Bullets fade, Brown stars in Celtic victory

March 25, 1994|By Alan Goldstein | Alan Goldstein,Sun Staff Writer

LANDOVER -- For 53 minutes at USAir Arena last night, the lottery-bound Washington Bullets and Boston Celtics -- both saddled with six game losing streaks -- performed with the fervor of teams vying for a NBA championship.

The last-place Bullets forced an overtime on a three-point shot by forward Tom Gugliotta with five seconds left in regulation.

But in the end, Washington again fell victim to its porous defense, with Dee Brown as the chief benefactor, scoring a career-high 38 points to lead the Celtics to a 123-117 victory before a crowd of 15,150.

"Defense has been our problem all year," Bullets coach Wes Unseld said. "We just don't have anyone who can block a shot. We double-team a lot, and that opens up a lot of high-percentage shots."

This problem has been magnified by the absences and ineffectual play of Pervis Ellison, the forward/center who returned to the injured list last night with an ailing right knee.

The Celtics were not the first team to expose the Bullets' vulnerability in the middle.

Brown, whose career has been marked by inconsistent play mixed with flashes of brilliance, was at the top of his game last night. The slender 6-foot-1 guard played all but one minute while hitting 15 of 26 shots, including 3-for-3 from three-point range.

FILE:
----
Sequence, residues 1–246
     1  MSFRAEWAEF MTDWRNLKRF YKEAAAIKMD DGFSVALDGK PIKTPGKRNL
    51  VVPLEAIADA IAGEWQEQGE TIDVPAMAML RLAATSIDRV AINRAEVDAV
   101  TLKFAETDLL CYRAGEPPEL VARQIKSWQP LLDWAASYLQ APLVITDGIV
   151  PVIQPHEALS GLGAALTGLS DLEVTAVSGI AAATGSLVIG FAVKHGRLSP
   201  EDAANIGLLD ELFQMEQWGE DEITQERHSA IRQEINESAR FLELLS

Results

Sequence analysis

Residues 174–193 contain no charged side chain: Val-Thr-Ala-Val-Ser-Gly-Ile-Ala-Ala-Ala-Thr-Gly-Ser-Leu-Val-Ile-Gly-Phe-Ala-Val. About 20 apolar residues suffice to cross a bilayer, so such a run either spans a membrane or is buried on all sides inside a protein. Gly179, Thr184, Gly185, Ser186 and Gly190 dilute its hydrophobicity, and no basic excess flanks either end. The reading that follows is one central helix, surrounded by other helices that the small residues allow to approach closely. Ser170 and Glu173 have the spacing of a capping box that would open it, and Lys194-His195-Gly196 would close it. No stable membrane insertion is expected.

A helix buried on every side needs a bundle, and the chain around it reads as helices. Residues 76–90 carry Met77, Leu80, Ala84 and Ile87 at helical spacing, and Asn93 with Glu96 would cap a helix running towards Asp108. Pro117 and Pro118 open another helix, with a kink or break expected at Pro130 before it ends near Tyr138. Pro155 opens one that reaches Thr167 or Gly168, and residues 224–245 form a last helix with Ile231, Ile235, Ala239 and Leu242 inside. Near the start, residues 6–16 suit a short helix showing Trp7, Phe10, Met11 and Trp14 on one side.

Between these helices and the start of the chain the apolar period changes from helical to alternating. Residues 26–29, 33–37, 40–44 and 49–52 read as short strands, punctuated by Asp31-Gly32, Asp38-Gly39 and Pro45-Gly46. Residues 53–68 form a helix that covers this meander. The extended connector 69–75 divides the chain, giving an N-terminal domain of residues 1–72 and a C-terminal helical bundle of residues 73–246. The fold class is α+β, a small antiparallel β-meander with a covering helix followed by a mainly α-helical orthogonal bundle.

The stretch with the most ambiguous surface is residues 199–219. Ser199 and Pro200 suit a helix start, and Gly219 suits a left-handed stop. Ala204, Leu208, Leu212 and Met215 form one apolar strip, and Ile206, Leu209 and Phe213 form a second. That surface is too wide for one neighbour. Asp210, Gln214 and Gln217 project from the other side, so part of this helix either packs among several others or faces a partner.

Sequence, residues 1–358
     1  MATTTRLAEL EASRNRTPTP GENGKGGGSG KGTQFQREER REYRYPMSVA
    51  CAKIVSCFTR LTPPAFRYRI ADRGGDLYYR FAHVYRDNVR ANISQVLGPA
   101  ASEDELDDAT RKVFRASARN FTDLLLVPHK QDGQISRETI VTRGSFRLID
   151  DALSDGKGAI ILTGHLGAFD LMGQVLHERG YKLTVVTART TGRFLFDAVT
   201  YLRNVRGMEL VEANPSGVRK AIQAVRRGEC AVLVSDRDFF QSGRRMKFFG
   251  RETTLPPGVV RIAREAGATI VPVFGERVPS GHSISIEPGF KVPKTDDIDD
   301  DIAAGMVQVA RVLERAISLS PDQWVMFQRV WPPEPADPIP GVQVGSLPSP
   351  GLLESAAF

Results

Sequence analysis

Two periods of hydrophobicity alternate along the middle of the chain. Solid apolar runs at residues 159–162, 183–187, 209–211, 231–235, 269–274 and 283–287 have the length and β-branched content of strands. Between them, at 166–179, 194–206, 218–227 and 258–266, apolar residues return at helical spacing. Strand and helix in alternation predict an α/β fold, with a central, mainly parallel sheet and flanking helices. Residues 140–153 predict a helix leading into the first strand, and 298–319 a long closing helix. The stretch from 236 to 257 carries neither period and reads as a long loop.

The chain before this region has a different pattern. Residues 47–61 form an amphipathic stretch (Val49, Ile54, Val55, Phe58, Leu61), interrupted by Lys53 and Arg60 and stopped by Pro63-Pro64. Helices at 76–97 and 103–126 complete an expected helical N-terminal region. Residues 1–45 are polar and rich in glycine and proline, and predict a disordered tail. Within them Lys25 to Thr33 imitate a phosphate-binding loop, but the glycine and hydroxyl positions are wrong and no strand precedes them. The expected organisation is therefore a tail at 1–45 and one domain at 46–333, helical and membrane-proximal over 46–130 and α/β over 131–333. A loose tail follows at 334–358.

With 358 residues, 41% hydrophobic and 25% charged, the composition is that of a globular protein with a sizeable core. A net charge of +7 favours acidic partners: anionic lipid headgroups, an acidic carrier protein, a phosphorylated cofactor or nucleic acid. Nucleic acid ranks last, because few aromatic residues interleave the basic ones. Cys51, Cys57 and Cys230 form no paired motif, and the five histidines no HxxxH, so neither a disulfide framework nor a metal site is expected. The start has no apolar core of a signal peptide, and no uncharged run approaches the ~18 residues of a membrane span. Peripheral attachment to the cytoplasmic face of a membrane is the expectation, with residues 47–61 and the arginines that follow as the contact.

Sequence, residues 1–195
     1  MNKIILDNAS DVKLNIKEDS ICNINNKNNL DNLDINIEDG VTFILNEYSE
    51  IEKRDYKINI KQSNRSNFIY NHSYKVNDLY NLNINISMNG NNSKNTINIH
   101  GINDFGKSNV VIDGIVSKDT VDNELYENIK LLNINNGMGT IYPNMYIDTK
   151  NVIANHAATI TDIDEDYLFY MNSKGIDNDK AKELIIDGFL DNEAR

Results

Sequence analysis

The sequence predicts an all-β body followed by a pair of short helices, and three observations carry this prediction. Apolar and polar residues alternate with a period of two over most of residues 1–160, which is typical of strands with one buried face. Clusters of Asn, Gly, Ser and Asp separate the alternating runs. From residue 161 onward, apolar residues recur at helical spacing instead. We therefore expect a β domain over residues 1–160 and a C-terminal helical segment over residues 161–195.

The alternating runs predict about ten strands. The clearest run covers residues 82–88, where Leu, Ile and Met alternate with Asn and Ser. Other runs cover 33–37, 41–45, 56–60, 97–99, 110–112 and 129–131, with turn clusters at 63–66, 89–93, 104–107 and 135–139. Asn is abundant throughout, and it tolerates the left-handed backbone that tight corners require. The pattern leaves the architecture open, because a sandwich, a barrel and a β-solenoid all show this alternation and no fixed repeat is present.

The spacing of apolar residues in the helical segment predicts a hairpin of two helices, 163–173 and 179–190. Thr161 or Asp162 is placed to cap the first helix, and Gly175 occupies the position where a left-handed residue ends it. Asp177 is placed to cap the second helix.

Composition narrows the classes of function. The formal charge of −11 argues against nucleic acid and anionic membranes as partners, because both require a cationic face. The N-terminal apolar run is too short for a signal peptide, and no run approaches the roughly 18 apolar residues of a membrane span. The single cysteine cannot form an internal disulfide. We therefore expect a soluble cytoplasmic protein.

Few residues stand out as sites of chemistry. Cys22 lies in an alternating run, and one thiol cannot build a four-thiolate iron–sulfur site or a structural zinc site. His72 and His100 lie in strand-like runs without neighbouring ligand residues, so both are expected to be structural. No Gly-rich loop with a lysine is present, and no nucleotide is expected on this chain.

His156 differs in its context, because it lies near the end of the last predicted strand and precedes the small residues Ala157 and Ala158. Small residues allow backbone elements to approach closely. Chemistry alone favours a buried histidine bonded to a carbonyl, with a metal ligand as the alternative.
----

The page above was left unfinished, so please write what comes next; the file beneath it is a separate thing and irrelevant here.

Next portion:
Twenty of his points were crammed into the fourth quarter and overtime with the Celtics overcoming a 13-point (82-69) deficit late in the third quarter.

And when the Bullets tried keying on Brown, they were burned by rookie Dino Radja (20 points) in the low post and Kevin Gamble (15).

"Brown got most of his points off picks outside," said Unseld. "But Gamble was just driving down the middle, and no one was stopping him."

The Celtics, who had dropped 19 of their previous 21 games, have committed to a youth movement, giving ample playing time to Radja, the sturdy Romanian who leads the team in scoring, and rookie Acie Earl while Robert Parish, at 40, has seen his minutes diminish.

Minus Ellison, Unseld juggled rookie guard Calbert Cheaney (foot) and point guard Michael Adams (shoulder).

Center Marty Conlon, obtained by the Bullets off the waiver wire earlier yesterday, was pressed into immediate service and made all three of his shots in a four-minute stint.

For all their problems, the Bullets, led by Gugliotta (24 points) a resurgent Rex Chapman (22 points), Brent Price (18 points, 8 assists) and a career-high 13 rebounds from crowd favorite Gheorghe Muresan, were in control for three quarters.

But then came the familiar fourth-quarter swoon. The Celtics used a 26-10 spree to forge ahead, 99-94. They seemed to have it wrapped up, leading 105-100 with 1:51 remaining and again at 107-104 with just 12 seconds left before Gugliotta sent it to overtime.

Gugliotta then missed a tying three-point attempt, but Kenny Walker hustled for the rebound and knocked it back to Gugliotta, who made good on his second try from the left corner, forcing the overtime.

But Boston quickly seized control in the extra period, adding to the Bullets' frustration.

"Don't blame it on manpower," said Chapman. "We've lost these kind of games too many times.

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